Getting ready for the Vintage Bazaar!

The Vintage Bazaar is next weekend.


Here’s a sneak peek of some favorite new things I’ll be¬†bringing.

First up, a stack of¬†1940s hand-painted dishes made by Steubenville. The pattern is “Harvest.” I’m usually not that big a fan of orange, but OH are these gorgeous.

Wouldn't a full set of this pattern be wonderful on your Thanksgiving table?

Wouldn’t a full set of this pattern be wonderful on your Thanksgiving table?

Three vintage enamel colanders in great colors, plus interesting kitchen utensils.


White, yellow, and ORANGE. I might keep that yellow one.

Want to see more? Click here!

One of my best finds of 2013

Luray and I went on an epic vintage shopping trip at the end of December when I bought one of my best finds of 2013. From the outside it doesn’t look like much. A slightly battered old suitcase:


I thought this was a vintage record player at first glance. Don’t judge a case by its cover

It was mostly hidden under a pile of stuff including an ugly fan. I’m sure lots of shoppers overlooked it just as I did the first time I was in the store. I thought it was a portable record player which would have been pretty cool. Nope! I nearly squealed when Luray opened it.

Yep, there’s more!

How I ruined–and revived– my Bakelite flatware handles, part 3

I promised a couple more Bakelite cleaning solutions for Part 3, but I decided to stop at just one more. All the other suggestions I found involved some sort of polishing compound–Mothers PowerPlastic, jeweler’s rouge, Meguiars, Novus plastic polish (favored by Martha Stewart), recipes for homemade polishes. I simply couldn’t talk myself into buying a lot of stuff I might not ever use again.

All these solutions had one thing in common–they are all mild abrasives. And so are melamine sponge erasers.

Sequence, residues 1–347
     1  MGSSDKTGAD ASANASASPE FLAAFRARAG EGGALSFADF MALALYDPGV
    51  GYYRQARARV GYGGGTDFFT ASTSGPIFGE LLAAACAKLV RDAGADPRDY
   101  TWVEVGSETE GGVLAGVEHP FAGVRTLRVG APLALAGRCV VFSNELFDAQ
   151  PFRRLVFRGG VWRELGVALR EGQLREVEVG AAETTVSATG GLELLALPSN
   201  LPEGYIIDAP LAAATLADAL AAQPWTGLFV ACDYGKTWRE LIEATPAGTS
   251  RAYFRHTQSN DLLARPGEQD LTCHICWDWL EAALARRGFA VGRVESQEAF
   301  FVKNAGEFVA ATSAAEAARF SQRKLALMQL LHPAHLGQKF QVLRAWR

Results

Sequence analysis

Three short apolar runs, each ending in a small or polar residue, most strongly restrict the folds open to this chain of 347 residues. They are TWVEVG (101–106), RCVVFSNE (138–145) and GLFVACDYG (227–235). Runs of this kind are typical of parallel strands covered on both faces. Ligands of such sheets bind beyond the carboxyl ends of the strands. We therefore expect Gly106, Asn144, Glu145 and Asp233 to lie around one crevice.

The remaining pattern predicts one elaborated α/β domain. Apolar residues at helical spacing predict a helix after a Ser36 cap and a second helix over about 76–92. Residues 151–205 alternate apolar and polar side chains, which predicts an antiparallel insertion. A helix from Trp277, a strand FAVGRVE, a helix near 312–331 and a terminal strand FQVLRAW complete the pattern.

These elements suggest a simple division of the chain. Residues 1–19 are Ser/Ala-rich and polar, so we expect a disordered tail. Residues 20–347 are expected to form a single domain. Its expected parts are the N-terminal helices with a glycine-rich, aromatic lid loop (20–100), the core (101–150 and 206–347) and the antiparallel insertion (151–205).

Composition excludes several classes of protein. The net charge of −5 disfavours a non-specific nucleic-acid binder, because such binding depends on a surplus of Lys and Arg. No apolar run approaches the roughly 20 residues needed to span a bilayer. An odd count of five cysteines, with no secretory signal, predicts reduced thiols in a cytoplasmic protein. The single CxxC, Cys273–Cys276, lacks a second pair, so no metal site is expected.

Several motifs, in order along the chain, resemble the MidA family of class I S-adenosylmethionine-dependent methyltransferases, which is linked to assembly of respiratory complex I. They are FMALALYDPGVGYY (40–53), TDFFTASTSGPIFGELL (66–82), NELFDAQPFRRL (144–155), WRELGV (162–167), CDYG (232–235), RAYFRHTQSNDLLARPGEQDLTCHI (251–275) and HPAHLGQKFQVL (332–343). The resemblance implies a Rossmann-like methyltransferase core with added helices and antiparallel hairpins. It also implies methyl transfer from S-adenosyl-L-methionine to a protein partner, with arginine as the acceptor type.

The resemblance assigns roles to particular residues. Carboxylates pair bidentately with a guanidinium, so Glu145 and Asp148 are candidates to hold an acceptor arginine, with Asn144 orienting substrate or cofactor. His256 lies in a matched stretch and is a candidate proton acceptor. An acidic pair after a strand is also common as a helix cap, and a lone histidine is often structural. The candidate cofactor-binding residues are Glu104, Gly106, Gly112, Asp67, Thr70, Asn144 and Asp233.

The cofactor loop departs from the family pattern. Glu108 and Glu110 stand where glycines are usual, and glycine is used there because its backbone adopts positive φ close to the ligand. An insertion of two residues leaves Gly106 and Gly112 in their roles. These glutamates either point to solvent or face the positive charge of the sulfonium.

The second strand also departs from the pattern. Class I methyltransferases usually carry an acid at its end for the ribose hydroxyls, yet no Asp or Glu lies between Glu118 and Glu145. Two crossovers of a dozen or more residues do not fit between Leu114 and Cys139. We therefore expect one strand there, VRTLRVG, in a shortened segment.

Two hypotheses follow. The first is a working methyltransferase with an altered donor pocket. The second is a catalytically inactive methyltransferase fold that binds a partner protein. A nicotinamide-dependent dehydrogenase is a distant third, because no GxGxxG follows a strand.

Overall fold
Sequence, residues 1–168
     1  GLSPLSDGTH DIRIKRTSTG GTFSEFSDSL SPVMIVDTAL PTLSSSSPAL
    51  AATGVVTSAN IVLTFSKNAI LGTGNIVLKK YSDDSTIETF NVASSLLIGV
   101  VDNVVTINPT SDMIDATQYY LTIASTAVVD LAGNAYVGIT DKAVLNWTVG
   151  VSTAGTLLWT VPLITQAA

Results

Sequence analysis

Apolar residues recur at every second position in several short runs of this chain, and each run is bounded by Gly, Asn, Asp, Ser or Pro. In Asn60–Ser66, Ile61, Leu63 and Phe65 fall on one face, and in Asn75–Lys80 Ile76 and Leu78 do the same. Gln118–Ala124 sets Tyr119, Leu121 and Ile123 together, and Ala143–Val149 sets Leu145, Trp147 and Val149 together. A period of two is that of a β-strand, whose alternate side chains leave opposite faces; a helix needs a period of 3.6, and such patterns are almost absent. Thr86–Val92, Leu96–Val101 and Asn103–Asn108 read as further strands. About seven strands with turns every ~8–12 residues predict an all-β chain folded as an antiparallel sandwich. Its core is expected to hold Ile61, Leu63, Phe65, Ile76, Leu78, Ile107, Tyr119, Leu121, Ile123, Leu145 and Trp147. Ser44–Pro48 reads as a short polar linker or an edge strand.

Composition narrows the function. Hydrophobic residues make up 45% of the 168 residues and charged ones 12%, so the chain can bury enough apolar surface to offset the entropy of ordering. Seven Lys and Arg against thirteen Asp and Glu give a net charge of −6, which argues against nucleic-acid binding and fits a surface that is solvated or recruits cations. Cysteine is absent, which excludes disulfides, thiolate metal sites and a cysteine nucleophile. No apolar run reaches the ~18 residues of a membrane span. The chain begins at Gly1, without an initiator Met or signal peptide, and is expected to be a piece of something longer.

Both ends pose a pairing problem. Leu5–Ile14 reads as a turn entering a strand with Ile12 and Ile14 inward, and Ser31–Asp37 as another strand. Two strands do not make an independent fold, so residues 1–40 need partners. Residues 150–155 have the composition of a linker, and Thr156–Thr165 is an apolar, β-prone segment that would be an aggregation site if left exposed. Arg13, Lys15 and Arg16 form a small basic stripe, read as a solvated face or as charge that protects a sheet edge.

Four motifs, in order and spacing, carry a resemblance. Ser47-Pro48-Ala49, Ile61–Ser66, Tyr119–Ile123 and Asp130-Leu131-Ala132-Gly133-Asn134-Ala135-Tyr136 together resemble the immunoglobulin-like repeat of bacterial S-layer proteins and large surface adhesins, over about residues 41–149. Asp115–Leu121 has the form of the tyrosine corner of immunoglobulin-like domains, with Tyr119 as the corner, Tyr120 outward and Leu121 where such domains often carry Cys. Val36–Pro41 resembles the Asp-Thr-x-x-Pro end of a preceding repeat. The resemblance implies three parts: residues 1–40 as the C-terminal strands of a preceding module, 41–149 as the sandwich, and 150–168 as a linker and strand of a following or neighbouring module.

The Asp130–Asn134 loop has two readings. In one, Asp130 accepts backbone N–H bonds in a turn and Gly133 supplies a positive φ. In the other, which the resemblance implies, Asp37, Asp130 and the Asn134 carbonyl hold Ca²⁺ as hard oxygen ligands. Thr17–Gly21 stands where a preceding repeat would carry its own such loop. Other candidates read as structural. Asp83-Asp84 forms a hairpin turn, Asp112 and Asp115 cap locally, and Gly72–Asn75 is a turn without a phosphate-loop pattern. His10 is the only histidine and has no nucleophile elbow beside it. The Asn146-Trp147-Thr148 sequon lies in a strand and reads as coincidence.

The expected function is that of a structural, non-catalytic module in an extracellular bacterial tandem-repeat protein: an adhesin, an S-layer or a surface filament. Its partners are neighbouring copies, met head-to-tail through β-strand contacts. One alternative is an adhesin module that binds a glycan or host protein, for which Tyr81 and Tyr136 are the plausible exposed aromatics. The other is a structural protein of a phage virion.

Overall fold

I had a box of store brand erasers on my shelf so I gave it a try.


The results were fantastic. Not only does very light rubbing remove all the oxidation in a few seconds, it also removes tarnish from the metal. The spoon I tested looked nearly as good as new. I was impressed enough to keep on going and polish a dozen more.


Really fast. Easy. Non toxic. My spoons are looking pretty good again. I think I might buff each handle with a little canola oil just to add a finishing shine.

How I ruined–and revived– my Bakelite flatware handles, part 2

I’m still working on the best way to restore my Bakelite flatware. Here are four more cleaning solutions.


409 cleaning solution is mentioned frequently in connection with Bakelite, primarily as a way to “test” if it’s the real deal. What the heck, I decided to see if it would work. Yep, there’s more!

How I ruined–and revived– my Bakelite* flatware handles, part 1

It only took a split second to ruin all of my Bakelite* handled spoons. In a moment of utter stupidity I dropped them in a sink full of hot, soapy water. And THIS is what happened. WAH!


They’re now almost entirely oxidized. Fortunately for you, my slip of sanity will work for your benefit. Because now I have to restore them. And I’m going to try most of the suggested remedies I’ve found on the web to see what really works. I’ll even try some solutions that I’ve never seen mentioned anywhere but work pretty well.

The most popular solution on the web seems to be 

Yep, there’s more!